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dc.contributor.authorSaeed, Asim
dc.contributor.supervisorAssoc. Prof. Hari Vuthaluru

Among different types of membrane modules used for cross flow filtration processes, Spiral Wound Module (SWM) dominates in the area of Ultra Filtration (UF), Nano Filtration (NF) and RO (Reverse Osmosis) due to high packing density, moderate energy utilization, standardization, cost effectiveness and being readily available from different suppliers. Membrane operations are often confronted with challenges associated with periodic maintenance of membranes due to significant material build-up on the surfaces. Operational issues arising from scaling and fouling primarily include: increased membrane resistance, decreased permeate flow, increased energy requirement and decreased membrane life. These issues have been addressed by several researchers, in a limited way, by proposing better pre-treatment processes or by alternative membranes through experimental and modelling studies. However, there appears a need to change membrane secondary structures to alter the flow patterns associated with fluids within the membrane module.In spiral wound modules, net-type spacers are introduced to develop feed channel, by keeping the membrane surfaces apart. Presence of feed spacers generate secondary flow patterns within the membrane module which may lead to enhance mass transport of the solute away from the membrane to minimize concentration polarization, which is a desirable feature for efficient membrane operations. However, the undesirable features associated with their use are increased pressure drop and development of fluid stagnant zones. Therefore, the efficiency of a membrane module depends largely on the efficacy of the spacers to increase mass transport away from the membrane surface into the bulk fluid at moderate pressure loss.Literature review reveals that a number of experimental studies were conducted in past to shed light on the role of feed spacers in membrane modules. However, due to difficulty in applying flow visualization and measuring techniques in experimental studies, an in-depth understanding of the flow and concentration patterns generated within the modules was not possible. The flow visualization was made possible with the development of Computational Fluid Dynamics (CFD) techniques, but was restricted to two-dimensional analyses due to computational constraints and provided useful information regarding hydrodynamics prevailing in spacer filled narrow channels. With the ongoing developments in CFD techniques and computational resources three-dimensional studies are being conducted, which can provide in-depth analysis of concentration patterns and hydrodynamics in membrane modules.In this thesis three-dimensional modelling of flow through spacer filled narrow channels is carried out using CFD package ANSYS FLUENT to investigate the impact of feed spacer filament orientation on shear stress exerted on membrane surfaces and Power number. The impact of dimensionless filament spacing on mass transport, shear stress, pressure drop and friction factor is also investigated using a systematic approach by hooking a User Defined Function (UDF) to ANSYS FLUENT. The predicted results showed excellent agreement with the previous experimental and other numerical studies revealing that CFD predicts hydrodynamics and mass transport within feed channel of spacer obstructed membranes quite accurately. These investigations are new to membrane related studies which shed light on spacer impact on performance of RO operations.Post processing of the results revealed the complex flow patterns generated within the spacer filled narrow channels and showed that the alignment of the feed spacers with the flow direction have great influence on the generation of secondary flow patterns through the spacer filled channels. Pressure drop and Power number in spacer filled SWM appears to depend largely on the filament orientation based on current investigations. Pressure drop and power number will be higher if the filaments are inclined more towards the channel axis and vice versa.For ladder type spacers wall shear stress at the top membrane surface is always higher (approximately 3 to 8 times for the spacer arrangements considered in the study at Reh=100) than that for the bottom wall, but interestingly the mass transfer coefficient values for the two walls are not significantly different for spacer arrangement having low to moderate bottom filament spacing (L2 = 2 to 4). However, when the bottom filament spacing is further increased (L2 = 6), there is a sharp decline in the pressure drop but the area weighted mass transfer coefficient for the top membrane wall showed a sharp reduction compared to the bottom membrane wall suggesting high fouling propensity of the top membrane wall which is not a desirable feature in membrane operations.Different spacer arrangements considered in this work are compared on the basis of Spacer Configuration Efficacy (SCE), which in this thesis is defined as the ratio of Sherwood number to Power number. Spacer having higher SEC values would lead to higher mass transport of the solute away from the membrane walls to the bulk of the solution at moderate pressure losses. It has been concluded by carrying out mass transfer simulations for different spacer arrangements that the spacer arrangement having top and bottom filament dimensionless ratio equal to 4 performs better than all the other considered arrangements for hydraulic Reynolds number up to 200.The results emanated out of the current study are considered to be of practical significance and could potentially lead to the development of efficient membrane modules with optimum spacer arrangements for RO operations.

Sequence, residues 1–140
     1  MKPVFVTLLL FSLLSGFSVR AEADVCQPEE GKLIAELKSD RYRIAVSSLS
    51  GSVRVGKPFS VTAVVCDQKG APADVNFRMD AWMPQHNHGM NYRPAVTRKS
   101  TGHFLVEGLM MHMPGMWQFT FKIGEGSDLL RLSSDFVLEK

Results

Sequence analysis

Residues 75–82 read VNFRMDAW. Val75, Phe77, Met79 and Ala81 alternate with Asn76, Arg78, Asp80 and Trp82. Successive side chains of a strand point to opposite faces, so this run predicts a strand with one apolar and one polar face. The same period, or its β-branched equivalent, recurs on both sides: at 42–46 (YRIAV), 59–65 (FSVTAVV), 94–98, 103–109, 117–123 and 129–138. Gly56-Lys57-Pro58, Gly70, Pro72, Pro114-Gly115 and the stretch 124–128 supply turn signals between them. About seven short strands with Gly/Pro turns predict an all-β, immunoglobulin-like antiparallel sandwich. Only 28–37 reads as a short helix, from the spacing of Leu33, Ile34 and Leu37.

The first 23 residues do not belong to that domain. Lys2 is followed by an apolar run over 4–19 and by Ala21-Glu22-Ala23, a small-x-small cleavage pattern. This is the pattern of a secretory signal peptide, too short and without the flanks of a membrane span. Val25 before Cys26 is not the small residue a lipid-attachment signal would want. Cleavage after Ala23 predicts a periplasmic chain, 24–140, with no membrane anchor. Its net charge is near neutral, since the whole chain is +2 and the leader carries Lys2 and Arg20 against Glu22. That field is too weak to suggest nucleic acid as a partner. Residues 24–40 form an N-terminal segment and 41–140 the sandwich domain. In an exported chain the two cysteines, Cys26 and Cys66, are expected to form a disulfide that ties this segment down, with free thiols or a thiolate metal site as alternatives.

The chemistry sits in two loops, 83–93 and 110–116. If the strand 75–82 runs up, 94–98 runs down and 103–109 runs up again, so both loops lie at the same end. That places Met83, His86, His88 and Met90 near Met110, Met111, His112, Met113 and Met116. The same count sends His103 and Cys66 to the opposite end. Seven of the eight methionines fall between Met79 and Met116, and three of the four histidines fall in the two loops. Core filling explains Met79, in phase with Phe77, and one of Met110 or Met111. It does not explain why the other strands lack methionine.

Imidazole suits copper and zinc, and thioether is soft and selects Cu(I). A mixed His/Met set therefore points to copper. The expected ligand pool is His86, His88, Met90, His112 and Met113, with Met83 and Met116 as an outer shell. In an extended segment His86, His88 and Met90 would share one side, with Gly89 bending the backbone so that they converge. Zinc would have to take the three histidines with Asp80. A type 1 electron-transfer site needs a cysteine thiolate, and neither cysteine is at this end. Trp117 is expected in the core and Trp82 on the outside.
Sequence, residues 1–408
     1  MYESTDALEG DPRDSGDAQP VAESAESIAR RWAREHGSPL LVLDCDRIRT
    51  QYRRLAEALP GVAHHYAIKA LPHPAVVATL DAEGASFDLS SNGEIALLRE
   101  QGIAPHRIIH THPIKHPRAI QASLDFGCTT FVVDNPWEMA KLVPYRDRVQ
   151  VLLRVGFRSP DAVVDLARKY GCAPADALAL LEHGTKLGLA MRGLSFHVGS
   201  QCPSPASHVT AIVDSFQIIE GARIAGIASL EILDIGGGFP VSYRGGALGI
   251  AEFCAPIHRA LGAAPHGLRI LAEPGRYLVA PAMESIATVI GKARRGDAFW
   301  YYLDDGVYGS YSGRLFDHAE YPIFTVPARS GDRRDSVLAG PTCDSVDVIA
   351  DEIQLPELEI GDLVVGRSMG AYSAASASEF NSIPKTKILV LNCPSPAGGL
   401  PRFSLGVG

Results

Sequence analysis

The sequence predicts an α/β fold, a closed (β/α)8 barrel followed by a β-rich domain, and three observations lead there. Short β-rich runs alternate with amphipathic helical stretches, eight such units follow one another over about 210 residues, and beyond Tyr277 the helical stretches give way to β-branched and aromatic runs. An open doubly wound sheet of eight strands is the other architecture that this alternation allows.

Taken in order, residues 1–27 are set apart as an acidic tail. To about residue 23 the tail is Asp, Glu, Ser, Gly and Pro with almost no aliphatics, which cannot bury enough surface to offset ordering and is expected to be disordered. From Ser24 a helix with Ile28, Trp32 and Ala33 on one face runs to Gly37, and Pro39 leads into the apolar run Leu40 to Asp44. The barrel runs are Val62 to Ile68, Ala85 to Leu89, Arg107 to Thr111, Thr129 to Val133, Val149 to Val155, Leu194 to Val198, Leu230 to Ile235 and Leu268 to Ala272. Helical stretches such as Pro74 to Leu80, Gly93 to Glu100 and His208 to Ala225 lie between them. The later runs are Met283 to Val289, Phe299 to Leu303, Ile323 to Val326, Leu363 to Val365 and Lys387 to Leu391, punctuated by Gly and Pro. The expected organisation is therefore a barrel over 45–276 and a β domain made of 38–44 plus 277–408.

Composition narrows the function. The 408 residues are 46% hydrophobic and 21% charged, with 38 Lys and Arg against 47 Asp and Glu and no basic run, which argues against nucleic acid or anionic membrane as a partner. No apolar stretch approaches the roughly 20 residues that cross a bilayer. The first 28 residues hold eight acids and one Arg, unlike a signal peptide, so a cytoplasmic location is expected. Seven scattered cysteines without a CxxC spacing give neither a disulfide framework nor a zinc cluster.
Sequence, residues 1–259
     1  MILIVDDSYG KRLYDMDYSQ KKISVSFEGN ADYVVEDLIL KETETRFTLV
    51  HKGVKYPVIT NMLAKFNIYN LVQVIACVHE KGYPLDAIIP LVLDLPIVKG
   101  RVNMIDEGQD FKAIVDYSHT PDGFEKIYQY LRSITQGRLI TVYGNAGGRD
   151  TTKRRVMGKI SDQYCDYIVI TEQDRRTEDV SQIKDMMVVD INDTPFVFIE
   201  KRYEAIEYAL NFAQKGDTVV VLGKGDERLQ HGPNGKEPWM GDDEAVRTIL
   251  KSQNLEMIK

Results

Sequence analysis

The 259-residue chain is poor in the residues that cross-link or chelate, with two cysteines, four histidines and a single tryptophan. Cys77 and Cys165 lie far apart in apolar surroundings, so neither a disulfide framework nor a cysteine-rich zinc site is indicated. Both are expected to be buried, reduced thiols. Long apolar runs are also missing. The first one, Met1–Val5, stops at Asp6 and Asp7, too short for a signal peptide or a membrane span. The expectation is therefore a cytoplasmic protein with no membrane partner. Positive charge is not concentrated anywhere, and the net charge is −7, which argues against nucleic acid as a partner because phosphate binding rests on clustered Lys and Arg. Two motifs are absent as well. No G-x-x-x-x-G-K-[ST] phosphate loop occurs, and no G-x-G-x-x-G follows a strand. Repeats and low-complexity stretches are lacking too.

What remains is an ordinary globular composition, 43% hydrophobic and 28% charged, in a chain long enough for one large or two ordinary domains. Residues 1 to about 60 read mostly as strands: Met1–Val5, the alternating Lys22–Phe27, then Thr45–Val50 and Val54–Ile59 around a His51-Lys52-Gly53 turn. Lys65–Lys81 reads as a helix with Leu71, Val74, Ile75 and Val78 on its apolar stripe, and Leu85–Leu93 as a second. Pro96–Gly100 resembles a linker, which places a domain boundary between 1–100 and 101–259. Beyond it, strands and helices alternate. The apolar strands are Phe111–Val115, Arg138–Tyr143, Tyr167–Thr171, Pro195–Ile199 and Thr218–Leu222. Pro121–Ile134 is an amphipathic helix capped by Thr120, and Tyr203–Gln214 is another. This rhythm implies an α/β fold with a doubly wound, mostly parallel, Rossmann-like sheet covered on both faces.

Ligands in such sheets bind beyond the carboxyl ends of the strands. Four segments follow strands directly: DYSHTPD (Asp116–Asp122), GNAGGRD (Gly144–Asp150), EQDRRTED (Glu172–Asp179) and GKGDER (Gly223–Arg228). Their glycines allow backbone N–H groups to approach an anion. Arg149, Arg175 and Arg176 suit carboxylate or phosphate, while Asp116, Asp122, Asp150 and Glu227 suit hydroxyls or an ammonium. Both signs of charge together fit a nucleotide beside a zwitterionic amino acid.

dc.publisherCurtin University
dc.subjectfeed channel
dc.subjectspacer geometry
dc.subjectmembrane modules
dc.subjectmass transport
dc.titleEffect of feed channel spacer geometry on hydrodynamics and mass transport in membrane modules
curtin.departmentSchool of Chemical and Petroleum Engineering, Department of Chemical Engineering
curtin.accessStatusOpen access